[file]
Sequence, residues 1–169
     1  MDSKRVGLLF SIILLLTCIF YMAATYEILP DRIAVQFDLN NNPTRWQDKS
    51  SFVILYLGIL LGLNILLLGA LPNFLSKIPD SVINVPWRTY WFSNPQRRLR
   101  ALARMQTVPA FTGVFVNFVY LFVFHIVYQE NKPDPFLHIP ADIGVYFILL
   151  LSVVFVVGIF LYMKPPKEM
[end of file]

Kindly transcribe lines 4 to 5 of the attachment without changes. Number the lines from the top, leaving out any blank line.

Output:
   101  ALARMQTVPA FTGVFVNFVY LFVFHIVYQE NKPDPFLHIP ADIGVYFILL
   151  LSVVFVVGIF LYMKPPKEM